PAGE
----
Have you ever looked up into the sky and wondered, “What’ s really out there?” Well, this is your chance to find out. We’re going where no man has gone before as we attempt to unravel the riddles of the cosmos. From the Big Bang to black holes, we’re leaving no stone—or space rock, it seems—unturned.
Together, let’s unlock the secrets that lie in the fabric of space and time. Here are the top 10 mind-bending unsolved mysteries of the universe.
10 Dark Matter and Dark Energy: The Dark Duo
Despite making up around 95% of the universe, dark matter and dark energy remain one of the biggest puzzles in modern cosmology.
Dark matter makes up about 27% of the universe’s mass-energy content. Yet, we don’t know exactly what it is or how it interacts with regular matter, aside from its gravitational effects.
It’s like a silent artist sculpting our cosmos. We can’t observe it directly, but we do see its influence on the way galaxies rotate and cluster.
The gravitational effects ofare most easily observed in the outer regions of galaxies, where stars move at speeds that aren’t possible unless there is more matter present than we can actually see.
Another proof is when light from distant galaxies passes through regions filled with dark matter, the light is bent in a phenomenon known as gravitational lensing. Looking at the, you can see this clearly.
Dark energy is no less of a mystery, making up 68% of the universe’s mass-energy content. It’s the force that appears to work against gravity on a cosmic scale.
In the 1920s, Edwin Hubble’s observations revealed an expanding universe, with galaxies moving away from each other. In 1998, studies showed this expansion wasn’t slowing down as expected; instead, it was accelerating. Dark energy was the name for the force causing this acceleration.
9 The Great Attractor and The Fate of the Milky Way
The Great Attractor is an intriguing cosmic anomaly hiding in the “Zone of Avoidance,” which is a fancy way of saying the section of the universe our galaxy’s cloud hides from view. It’s an area in space exerting a gravitational pull so strong it pulls galaxies, including our own, toward itself.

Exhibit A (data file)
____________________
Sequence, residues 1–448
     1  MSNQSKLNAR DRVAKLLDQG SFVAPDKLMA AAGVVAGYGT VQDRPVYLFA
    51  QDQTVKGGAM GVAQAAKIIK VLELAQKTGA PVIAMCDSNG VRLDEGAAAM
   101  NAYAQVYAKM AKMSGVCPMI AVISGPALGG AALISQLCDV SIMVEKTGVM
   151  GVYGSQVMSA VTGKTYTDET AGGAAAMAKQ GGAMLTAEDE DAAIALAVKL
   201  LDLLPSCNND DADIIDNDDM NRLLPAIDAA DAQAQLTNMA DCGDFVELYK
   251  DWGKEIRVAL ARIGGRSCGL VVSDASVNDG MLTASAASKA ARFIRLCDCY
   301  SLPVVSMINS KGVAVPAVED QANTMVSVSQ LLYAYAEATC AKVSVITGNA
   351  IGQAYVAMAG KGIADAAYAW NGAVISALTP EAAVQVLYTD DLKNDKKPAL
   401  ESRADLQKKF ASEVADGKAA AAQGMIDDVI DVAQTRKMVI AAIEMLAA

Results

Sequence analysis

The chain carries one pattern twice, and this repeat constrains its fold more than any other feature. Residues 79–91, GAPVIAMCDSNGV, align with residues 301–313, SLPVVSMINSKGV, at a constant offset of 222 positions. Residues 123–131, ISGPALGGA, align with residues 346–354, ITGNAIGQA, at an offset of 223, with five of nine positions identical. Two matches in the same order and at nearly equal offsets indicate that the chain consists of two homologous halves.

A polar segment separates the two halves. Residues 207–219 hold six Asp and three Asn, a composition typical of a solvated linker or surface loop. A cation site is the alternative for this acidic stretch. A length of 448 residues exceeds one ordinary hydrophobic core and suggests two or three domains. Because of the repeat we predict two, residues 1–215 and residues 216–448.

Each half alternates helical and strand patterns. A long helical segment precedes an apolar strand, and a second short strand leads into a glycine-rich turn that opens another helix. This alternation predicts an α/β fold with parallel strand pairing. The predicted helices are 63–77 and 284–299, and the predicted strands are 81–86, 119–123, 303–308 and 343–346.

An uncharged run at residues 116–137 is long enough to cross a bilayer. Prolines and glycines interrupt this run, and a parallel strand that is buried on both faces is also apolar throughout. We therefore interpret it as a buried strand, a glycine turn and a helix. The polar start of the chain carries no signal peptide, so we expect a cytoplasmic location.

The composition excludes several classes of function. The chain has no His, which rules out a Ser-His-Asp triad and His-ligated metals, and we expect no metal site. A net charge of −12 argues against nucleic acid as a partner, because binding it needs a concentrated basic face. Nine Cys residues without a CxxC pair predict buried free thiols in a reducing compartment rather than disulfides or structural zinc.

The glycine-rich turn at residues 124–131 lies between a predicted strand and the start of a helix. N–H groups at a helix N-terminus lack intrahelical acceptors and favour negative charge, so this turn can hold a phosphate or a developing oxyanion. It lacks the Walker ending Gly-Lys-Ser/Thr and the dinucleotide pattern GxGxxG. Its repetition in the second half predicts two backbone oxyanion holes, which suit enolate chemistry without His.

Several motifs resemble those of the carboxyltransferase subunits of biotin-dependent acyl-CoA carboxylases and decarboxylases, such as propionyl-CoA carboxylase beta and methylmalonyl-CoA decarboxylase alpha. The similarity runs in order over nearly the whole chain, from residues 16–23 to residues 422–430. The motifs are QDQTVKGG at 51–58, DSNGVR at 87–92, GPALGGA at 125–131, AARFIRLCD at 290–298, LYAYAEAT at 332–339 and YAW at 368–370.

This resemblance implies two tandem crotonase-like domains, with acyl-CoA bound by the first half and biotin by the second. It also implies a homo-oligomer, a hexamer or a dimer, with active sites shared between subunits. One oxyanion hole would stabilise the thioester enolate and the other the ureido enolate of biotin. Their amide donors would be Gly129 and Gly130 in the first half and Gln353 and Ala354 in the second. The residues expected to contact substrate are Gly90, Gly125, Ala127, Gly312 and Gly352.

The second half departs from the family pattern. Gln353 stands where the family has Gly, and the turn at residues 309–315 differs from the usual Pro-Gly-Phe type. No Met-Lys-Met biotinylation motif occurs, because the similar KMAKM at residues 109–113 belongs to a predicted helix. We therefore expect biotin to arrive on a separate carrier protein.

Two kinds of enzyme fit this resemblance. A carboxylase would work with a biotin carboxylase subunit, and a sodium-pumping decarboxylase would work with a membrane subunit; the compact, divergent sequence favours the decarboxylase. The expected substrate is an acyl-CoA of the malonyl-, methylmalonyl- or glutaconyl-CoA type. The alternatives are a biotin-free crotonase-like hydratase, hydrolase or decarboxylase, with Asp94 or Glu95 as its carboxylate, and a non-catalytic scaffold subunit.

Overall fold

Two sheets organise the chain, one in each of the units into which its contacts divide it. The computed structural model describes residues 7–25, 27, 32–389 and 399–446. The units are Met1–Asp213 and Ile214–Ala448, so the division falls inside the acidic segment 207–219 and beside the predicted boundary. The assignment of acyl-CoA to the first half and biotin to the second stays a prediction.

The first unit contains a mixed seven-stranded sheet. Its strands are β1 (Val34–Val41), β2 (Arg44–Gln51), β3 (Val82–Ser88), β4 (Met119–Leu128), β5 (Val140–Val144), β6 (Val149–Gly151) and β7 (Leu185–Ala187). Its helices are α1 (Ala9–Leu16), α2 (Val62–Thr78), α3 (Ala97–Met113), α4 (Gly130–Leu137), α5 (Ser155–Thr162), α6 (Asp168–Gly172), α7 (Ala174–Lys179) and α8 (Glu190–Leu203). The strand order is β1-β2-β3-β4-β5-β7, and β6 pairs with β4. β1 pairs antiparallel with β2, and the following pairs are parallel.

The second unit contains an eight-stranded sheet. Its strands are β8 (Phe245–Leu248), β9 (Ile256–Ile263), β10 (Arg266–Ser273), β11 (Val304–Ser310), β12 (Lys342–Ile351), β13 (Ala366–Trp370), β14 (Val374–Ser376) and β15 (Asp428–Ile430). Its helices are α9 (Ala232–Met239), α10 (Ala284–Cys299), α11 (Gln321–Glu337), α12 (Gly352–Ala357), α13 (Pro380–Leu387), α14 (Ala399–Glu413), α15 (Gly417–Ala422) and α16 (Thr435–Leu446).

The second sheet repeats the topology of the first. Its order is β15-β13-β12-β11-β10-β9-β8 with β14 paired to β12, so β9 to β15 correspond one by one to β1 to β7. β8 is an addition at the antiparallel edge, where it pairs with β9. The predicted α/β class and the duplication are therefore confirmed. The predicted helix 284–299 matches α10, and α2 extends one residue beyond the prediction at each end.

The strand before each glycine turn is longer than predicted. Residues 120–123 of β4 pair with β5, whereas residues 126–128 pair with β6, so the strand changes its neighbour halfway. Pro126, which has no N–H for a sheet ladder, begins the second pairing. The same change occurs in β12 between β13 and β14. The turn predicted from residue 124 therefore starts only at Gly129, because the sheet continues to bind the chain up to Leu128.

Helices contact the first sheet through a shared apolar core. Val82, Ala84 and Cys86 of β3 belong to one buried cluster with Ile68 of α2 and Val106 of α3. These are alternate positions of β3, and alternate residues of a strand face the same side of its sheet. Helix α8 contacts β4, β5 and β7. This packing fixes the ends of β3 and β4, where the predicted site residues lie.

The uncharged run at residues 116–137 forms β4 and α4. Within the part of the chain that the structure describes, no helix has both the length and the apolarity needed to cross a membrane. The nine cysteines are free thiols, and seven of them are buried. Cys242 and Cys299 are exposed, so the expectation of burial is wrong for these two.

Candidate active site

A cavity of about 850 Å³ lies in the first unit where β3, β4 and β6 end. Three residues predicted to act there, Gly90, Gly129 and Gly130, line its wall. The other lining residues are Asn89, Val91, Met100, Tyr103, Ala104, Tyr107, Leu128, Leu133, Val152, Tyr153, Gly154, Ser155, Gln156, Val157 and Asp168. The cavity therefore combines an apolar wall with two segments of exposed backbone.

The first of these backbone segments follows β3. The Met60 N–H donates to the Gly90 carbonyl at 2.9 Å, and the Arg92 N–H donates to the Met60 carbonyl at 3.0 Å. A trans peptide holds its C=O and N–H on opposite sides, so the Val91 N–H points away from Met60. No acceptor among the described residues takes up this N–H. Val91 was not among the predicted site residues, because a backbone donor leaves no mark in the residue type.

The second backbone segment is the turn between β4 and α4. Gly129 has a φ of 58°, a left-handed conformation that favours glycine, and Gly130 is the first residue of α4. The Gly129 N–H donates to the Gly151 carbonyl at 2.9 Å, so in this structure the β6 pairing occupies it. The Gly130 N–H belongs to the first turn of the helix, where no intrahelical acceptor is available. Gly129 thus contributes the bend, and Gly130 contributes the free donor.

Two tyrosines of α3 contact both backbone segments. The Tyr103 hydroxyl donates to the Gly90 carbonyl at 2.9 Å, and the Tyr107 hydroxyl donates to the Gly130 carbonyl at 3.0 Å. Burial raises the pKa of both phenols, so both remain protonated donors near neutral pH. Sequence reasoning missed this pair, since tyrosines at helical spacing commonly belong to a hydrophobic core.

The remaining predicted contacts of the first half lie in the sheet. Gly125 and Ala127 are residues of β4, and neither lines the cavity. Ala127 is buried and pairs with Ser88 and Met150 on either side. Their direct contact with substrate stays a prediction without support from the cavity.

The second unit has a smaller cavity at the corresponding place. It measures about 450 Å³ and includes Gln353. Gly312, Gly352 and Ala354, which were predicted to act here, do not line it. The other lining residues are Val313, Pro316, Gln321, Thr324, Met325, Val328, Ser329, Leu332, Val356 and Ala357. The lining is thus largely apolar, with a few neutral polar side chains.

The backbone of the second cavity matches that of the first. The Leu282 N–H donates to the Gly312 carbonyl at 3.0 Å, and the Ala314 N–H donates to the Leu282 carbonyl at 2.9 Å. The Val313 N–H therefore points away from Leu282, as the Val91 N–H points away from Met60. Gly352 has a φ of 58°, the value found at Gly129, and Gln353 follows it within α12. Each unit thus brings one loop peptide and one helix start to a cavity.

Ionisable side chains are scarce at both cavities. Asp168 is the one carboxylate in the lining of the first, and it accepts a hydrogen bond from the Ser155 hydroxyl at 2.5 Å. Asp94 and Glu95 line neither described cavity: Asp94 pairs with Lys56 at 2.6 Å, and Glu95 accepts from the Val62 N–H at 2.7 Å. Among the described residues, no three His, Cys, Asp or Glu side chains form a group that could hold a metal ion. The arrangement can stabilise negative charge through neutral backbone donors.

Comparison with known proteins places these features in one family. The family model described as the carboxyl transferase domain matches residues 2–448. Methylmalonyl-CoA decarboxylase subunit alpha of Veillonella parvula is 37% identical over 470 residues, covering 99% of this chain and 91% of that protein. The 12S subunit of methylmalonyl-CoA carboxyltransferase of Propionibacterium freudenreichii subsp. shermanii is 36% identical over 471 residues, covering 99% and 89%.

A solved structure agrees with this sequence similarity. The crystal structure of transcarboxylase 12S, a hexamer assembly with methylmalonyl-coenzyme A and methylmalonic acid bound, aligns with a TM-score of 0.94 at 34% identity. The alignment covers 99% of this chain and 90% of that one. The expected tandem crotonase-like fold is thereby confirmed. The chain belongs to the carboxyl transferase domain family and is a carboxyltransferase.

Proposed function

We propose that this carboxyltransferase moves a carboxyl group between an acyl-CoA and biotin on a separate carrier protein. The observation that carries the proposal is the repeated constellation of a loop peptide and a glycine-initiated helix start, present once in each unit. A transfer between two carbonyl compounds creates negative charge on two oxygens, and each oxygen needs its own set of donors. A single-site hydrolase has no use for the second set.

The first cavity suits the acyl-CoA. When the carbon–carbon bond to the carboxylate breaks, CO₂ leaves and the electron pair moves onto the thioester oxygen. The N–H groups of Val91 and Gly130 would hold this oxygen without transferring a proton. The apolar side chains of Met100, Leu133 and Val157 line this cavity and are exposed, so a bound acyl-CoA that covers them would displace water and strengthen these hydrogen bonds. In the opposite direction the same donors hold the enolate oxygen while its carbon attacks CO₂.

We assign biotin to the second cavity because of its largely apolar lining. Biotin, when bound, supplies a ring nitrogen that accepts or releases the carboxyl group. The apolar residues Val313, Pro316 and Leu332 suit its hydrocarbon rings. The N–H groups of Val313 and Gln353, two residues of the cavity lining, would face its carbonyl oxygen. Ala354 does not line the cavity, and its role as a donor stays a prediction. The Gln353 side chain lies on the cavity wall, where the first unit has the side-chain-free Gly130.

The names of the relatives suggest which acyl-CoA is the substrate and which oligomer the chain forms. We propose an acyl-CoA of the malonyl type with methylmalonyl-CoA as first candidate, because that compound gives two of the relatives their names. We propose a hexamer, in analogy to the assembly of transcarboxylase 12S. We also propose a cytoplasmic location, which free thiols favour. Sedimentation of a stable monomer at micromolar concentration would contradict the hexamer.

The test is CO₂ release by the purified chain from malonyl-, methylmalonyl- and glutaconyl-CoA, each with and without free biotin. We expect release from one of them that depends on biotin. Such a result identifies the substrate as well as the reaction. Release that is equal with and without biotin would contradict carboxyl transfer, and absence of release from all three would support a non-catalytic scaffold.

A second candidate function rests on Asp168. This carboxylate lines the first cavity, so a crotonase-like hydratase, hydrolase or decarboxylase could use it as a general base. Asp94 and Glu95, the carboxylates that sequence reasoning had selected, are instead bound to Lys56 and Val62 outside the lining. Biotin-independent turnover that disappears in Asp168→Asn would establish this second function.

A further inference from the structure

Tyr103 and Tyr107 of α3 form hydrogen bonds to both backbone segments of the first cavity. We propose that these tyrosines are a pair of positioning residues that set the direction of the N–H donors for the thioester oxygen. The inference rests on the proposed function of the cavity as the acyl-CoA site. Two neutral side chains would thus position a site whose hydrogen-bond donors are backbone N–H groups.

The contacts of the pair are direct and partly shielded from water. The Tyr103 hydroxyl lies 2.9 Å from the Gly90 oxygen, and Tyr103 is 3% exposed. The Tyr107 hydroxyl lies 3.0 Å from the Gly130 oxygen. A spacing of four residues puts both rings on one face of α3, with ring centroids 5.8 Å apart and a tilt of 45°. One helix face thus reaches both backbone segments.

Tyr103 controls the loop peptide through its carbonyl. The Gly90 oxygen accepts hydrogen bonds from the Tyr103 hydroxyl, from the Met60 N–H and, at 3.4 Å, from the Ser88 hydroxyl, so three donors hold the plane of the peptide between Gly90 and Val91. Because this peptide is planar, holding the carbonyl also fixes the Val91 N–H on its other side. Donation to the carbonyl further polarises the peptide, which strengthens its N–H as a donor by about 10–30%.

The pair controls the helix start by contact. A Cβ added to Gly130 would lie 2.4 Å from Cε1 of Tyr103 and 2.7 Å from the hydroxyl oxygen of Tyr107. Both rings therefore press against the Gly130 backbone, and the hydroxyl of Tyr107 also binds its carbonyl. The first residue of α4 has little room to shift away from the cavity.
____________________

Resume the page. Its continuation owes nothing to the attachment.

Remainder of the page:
The Great Attractor is located about 220 million light-years away in the vicinity of the Norma SuperCluster, a cosmic neighborhood far denser and more populated than our own.
The obvious question is, when will our galaxy be destroyed by the Great Attractor?
The answer is never. The Milky Way is being pulled back by the Great Attractor. However, at the same time, dark energy is constantly pushing galaxies apart, meaning we will never collide with the cosmic anomaly.
What’s more likely is that the Great Attractor and the SuperCluster will get ripped apart by the expansion of the universe.
8 Where Is Everyone? The Fermi Paradox
Named after physicist Enrico Fermi, the Fermi paradox encapsulates a profound cosmic question. We know there are billions of galaxies, each teeming with billions of stars, and many of these stars likely have planets orbiting them. It makes sense mathematically that there are other intelligent life forms out there.
And yet, we find no real evidence of these civilizations. And that leaves us with Fermi’s question: “Where is everybody?”
With no evidence, there isn’t a clear answer, just theories. One possibility is that the cost of interstellar travel is too high, even for advanced civilizations.
Another theory is that the universe is filled with civilizations; we just happen to be in a cosmic backwater equivalent.
One of the more out-of-the-box theories is that we are part of a cosmic zoo, where other advanced beings observe us but don’t interact, deliberately keeping us in the dark. This one is a little too men in black for me.
No matter the theory you believe, the Fermi paradox is a good reminder that we have only just begun to explore the universe. Our knowledge about potential extraterrestrial life is limited to our own experiences. And while we keep expanding that knowledge, the question remains—where is everybody?
7 Fast Radio Bursts
Fast Radio Bursts (FRBs) are like the universe’s camera flash, illuminating the universe with flashes of energy that last milliseconds.
These intense flashes were first identified in 2007. A key feature of FRBs is their “dispersion sweep,” which is similar to radio pulsars. Basically, they send a variety of radio frequencies that arrive at different times because of the way they interact with the interstellar medium.
The origin of FRBs has always been uncertain. The initial excitement was followed by skepticism when a similar dispersion pattern was observed in multiple locations.
In 2013, four additional FRBs were discovered that shared key features with the previous bursts but had even higher dispersion measures, suggesting they traveled even further. This discovery suggested the universe could be full of these flashes.
Until an FRB can be traced to a specific galaxy or detected across different wavelengths, the full story behind them will remain a mystery.
6 The Cosmic Microwave Background Cold Spot
Cosmic microwave background (CMB) is radiation from the Big Bang. It covers the universe. Almost uniformly, there are, however, some small abnormalities. These act as cosmic breadcrumbs of sorts that lead back to the universe’s infancy. But there’s a patch, known as the Cold Spot, that’s not playing by the rules.
Its sheer size, coupled with a slightly lower temperature, is enough to cause cosmologists to ask why?